Many Americans were shocked to hear the racist remarks made by members of the Los Angeles City Council. But should they have been?
The controversy stems from a leaked recording of Los Angeles City Council President Nury Martinez, Council members Kevin de León and Gil Cedillo, and Ron Herrera, the now-former head of the Los Angeles County Federation of Labor. During the conversation, the four officials discussed how they could protect the voting power of Hispanic Angelinos throughout the city’s redistricting. They wanted to ensure that Hispanic voters remained more powerful than black voters.
On its face, that should be controversial, too. But that was far from the worst thing said by the council members. Martinez took it the furthest by claiming her white colleague carried around his adopted black son like a handbag. She also said the kid needed a “beatdown” and compared him to a monkey.
These remarks are horrifically bigoted and ignorant.
But they’re not at all surprising given the worldviews of those involved.
The left — of which all four officials involved in this disgusting conversation are members — has been working to make race a part of every policy decision and discussion. From climate and infrastructure to education and labor policy, there isn’t a single issue that isn’t analyzed through the lens of race.
That is the stated goal of critical race theory and diversity, equity, and inclusion policies.
But when every issue is looked at through the lens of race, the divine spirit of the individual is lost. Instead of seeing a colleague who loves his son; you see a white man carrying around his “changuito” handbag.
It’s disgusting and dehumanizing. But it is perfectly in line with the divisive nature of critical race theory and contemporary obsessions over diversity, equity and inclusion (DEI).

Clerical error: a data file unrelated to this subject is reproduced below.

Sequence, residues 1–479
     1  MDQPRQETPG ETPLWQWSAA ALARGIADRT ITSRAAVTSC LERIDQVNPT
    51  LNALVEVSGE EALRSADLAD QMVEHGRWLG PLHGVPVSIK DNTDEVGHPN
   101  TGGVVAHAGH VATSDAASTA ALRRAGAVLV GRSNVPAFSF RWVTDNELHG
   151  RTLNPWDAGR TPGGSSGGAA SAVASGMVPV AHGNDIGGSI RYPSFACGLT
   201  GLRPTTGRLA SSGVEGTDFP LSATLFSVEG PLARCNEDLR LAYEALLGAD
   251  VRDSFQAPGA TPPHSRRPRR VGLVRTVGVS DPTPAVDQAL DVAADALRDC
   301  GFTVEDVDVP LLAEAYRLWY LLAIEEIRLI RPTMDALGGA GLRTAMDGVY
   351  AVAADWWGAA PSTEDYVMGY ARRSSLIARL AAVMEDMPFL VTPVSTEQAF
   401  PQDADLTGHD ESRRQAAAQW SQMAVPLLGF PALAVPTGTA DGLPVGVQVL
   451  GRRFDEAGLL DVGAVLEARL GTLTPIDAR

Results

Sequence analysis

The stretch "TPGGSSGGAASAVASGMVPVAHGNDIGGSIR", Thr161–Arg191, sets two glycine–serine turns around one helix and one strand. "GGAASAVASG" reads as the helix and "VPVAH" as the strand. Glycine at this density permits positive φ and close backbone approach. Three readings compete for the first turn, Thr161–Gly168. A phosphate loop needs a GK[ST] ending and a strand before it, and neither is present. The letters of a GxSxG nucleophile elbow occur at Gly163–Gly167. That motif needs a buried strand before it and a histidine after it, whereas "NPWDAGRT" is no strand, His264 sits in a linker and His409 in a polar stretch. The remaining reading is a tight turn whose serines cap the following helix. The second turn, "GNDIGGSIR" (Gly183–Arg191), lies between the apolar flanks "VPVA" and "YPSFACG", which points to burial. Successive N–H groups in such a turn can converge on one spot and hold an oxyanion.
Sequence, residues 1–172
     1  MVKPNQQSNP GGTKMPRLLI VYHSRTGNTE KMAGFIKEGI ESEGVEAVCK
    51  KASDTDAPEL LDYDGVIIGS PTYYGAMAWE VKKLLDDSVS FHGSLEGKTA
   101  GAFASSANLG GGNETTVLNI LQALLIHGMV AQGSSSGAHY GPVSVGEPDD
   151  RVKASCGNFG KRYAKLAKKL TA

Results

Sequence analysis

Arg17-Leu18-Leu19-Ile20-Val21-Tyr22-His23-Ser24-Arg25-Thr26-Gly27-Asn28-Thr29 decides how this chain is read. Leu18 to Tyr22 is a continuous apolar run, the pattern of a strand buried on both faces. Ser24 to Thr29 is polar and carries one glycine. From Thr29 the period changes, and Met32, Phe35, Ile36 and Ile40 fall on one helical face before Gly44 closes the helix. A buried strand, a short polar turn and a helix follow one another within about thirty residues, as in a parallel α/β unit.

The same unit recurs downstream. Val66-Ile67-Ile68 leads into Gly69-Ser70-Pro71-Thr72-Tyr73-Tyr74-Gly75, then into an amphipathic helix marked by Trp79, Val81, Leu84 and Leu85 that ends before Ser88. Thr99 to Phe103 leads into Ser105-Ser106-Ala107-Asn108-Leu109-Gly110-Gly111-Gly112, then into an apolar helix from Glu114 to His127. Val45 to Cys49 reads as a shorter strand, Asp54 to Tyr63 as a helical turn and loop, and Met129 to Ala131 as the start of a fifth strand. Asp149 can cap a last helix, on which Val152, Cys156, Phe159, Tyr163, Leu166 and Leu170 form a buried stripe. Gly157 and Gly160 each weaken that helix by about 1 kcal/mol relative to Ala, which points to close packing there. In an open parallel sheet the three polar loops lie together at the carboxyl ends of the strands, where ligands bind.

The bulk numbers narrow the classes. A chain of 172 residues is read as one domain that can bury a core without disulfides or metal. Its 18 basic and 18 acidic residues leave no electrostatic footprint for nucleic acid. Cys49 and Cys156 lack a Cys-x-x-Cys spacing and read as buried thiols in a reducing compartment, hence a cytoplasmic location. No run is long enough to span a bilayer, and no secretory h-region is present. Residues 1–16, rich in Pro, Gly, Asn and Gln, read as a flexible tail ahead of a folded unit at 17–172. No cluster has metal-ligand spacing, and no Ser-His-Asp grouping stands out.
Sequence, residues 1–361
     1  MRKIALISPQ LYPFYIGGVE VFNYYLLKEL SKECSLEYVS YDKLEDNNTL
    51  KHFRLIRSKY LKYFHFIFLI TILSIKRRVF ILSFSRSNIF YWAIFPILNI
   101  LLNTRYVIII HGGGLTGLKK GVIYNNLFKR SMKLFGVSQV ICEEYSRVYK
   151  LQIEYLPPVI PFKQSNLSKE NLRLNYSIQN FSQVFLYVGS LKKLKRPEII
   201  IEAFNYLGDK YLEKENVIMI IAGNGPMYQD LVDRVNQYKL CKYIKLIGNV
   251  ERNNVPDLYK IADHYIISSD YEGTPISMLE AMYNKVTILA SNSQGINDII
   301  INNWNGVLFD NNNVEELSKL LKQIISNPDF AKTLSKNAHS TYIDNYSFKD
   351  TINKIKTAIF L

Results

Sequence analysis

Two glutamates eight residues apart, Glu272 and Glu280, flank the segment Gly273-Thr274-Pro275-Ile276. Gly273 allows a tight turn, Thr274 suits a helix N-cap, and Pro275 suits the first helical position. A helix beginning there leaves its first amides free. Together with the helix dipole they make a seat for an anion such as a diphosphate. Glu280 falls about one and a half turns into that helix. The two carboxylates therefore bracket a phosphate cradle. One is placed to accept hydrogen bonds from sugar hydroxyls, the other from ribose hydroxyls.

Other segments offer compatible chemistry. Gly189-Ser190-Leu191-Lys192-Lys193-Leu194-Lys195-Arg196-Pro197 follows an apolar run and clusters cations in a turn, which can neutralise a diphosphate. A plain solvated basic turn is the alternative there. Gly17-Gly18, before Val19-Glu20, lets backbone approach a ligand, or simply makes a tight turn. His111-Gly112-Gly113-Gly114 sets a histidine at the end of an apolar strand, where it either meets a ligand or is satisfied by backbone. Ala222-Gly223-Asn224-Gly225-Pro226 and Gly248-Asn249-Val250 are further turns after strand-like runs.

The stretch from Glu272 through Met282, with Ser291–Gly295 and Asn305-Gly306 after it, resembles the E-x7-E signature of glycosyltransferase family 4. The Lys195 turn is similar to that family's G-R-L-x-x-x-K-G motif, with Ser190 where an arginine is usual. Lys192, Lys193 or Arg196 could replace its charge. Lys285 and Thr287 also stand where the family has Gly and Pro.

The overtly racist remarks have rightfully overshadowed the rest of the conversation, but that conversation itself shouldn’t be ignored. These four leaders were fighting for one race of people, Hispanics, to have more voting power than another race.
They didn’t care if the people in redrawn districts were from similar economic classes. They didn’t care if one district had a younger or older population. They cared exclusively about racial and ethnic categories.
And they aren’t alone. In Washington D.C., the city council passed a policy to specifically increase black homeownership. In Minnesota, a teachers’ union stipulated in contract negotiations that non-white teachers should be given protection over white teachers. In Vermont, non-white residents were given priority access to vaccines.
They could have chosen to try to increase low-income home ownership. Or to protect the best teachers. Or to vaccinate those with the most comorbidities first. But they chose to see race over the individual.
And this has been normalized. Americans don’t even think twice about the racist rationale behind these policies; that some racial groups are worth protecting more than others.
It’s difficult to ignore a council member calling a young black boy a monkey. But we’ve been ignoring racist policies for years. The racism spewed by these council members was a feature, not a bug, of the American left’s obsession with race.
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Groups that advocate for a color-blind America, including my group Color Us United, are smeared as ignorant or racist for suggesting that we should see an individual’s character instead of their race. They ignore the boundless evidence that America is not a racist country and instead try to find racial disparities wherever they can. And then the country is shocked when years of dividing Americans on racial lines result in more division and hate, not less.
The casual racial division of the left has been ignored for too long.
It’s time to wake up to the reality that DEI policies and obsessions with race do not eliminate racism; they give it a second life.